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The Saratoga Falcon

The Saratoga Falcon

SHS hosts annual SCCBDA Honor Band Concert

Last fall junior clarinetist Kyle Fukui auditioned for the Santa Clara County Band Directors Association (SCCBDA) County Honor Band, which is held once a year. He was one of 57 clarinetists undergoing this stressful challenge.

In December, Fukui found out that he was among the 24 clarinetists who had the chance to join the 90-person group for its performance on Jan. 17 in the McAfee Center. The site of the concert changes among schools each year, and it was Saratoga’s turn host the event.

After starting 58 years ago, the group has become one of the strongest county honor bands in the country. During auditions, only 90 out of 300 students from 28 participating schools were accepted. Out of the 90 students accepted, 22 were from Saratoga High.

“I was so excited when I got into the SCCBDA,” sophomore euphoniumist Chris Jones said. “I practiced really hard and I was so nervous for my acceptance. When I finally made it, I felt I had made a great accomplishment.”

The performances by SCCBDA County Honor Band are unlike regular band concerts at Saratoga High. After receiving the music pieces one week in advance, students met the next week for three days over the weekend. Two days were spent practicing, and the concert took place on the third day.

“The weekend was really long because we practiced for four hours on Friday night and then on Saturday, practice went from 9 a.m. to 5 p.m. It’s a completely different experience because there’s a lot more people in it,” said junior clarinetist Karen Wai. “All the people are from different schools, so I make some new friends. Also, the literature we play is pretty diverse and exciting. In the end, the experience was really fun and I’m glad that this year, I decided to join.”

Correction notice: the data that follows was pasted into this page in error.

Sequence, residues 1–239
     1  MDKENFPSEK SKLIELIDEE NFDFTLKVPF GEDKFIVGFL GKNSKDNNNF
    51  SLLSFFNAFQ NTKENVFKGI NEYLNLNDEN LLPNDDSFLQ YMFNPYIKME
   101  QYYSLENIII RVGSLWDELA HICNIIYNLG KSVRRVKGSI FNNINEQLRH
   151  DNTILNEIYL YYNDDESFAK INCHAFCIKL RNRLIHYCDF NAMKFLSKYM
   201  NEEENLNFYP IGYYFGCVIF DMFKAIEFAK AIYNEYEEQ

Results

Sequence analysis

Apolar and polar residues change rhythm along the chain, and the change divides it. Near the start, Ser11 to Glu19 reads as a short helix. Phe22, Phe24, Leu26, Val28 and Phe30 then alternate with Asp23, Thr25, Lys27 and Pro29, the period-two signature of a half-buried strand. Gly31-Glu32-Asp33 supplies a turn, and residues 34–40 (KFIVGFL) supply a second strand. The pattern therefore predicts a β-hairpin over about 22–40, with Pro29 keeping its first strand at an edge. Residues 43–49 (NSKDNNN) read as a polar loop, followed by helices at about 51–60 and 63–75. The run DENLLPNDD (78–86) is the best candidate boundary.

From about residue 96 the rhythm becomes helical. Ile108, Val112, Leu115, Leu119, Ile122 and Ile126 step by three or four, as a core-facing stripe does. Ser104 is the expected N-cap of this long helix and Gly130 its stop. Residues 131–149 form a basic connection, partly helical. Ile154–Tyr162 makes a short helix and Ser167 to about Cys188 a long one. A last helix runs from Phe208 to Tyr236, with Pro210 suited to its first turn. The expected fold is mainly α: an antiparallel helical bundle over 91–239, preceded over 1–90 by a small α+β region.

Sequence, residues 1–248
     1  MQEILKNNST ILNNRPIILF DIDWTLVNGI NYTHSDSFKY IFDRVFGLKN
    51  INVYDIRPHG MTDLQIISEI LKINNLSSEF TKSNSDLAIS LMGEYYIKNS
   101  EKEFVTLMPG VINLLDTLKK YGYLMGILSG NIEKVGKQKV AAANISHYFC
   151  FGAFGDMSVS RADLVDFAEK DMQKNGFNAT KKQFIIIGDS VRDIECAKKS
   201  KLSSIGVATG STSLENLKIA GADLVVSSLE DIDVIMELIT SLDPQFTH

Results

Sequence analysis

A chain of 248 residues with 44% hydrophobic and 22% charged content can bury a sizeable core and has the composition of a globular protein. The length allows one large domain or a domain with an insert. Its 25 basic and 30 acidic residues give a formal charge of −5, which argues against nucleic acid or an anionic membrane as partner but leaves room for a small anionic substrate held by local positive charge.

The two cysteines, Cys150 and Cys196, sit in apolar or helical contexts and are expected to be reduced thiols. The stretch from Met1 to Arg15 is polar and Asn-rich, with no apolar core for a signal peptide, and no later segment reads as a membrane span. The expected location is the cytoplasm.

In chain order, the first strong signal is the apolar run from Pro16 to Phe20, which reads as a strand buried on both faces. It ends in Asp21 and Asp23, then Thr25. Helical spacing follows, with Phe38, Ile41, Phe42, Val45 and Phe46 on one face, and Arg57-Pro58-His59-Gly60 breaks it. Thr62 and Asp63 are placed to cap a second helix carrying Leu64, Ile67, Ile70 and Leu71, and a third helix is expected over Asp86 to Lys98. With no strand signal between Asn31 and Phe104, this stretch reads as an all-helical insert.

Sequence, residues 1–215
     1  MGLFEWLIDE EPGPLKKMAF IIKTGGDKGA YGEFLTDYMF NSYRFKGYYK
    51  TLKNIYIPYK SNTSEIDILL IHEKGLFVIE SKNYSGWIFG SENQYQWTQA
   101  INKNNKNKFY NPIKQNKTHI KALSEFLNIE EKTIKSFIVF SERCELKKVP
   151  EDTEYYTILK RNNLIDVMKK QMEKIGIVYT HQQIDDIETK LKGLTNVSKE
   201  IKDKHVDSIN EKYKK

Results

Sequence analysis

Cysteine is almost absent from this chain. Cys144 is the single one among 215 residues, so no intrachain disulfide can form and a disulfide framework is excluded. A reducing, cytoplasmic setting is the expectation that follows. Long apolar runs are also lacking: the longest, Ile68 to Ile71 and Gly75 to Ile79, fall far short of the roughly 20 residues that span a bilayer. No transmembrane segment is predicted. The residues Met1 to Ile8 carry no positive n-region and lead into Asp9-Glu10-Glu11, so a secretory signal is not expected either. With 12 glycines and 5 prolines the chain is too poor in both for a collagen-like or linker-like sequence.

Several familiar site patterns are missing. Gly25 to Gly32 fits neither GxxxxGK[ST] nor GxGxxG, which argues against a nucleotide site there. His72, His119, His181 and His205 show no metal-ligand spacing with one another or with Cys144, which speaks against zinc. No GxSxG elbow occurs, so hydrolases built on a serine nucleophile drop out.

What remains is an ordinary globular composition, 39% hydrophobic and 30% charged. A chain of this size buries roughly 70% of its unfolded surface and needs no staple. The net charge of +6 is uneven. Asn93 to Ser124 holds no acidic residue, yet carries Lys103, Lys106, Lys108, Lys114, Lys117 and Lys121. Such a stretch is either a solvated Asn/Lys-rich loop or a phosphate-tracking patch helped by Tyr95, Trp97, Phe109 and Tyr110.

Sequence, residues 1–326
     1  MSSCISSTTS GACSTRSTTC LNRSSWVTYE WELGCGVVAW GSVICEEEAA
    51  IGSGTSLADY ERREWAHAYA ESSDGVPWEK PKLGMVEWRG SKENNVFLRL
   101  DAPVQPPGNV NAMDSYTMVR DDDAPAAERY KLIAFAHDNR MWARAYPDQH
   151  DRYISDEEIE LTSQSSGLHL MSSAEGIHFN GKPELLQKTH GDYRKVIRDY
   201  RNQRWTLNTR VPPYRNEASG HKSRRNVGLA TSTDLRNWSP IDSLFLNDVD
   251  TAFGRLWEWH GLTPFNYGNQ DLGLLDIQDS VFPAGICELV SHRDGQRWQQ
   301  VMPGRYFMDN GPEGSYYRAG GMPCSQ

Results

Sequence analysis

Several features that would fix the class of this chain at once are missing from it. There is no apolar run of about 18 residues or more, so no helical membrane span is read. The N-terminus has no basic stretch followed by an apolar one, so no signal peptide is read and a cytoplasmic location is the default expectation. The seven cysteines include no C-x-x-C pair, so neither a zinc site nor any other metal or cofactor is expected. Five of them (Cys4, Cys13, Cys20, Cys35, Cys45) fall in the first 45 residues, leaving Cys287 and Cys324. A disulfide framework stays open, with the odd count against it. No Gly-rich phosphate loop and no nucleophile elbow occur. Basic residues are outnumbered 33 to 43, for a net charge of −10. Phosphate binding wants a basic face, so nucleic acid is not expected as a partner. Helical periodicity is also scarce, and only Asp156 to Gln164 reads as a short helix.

Every year, a guest band director conducts the concert. For this performance, Dr. Ryan Nelson came from Northwestern University in Chicago. He worked with the band in preparation for the concert.

“The conductor was very exciting,” music director Michael Boitz said. “Not only is he fun, exciting, and energetic, but he is also closer in age to the kids than most of our guest conductors. A larger percent of our guest conductors tend to be old gray-haired white men because it’s the nature of the business. I felt it was more inspiring to the kids because he could connect more to them.”

The students especially noticed the impact of having a younger conductor. According to Wai, his enthusiasm toward the program was really helpful.

Said Jones, “I thought the music choice was quite interesting. It was creative and modern, and it reflected the style today.”

Contemporary pieces such as “Fanfare Ritmico” by Jennifer Higdon, premiered in 2000, and the “Concerto for Flute & Wind Orchestra, Movement 1” by Mike Mower, premiered in 2004, were two of the four pieces performed at the concert. Observers said the concert ran smoothly.

“I thought it went great,” said Boitz. “The kids rose to the occasion, responded well to the conductor, and the overall quality of the music was really good.”

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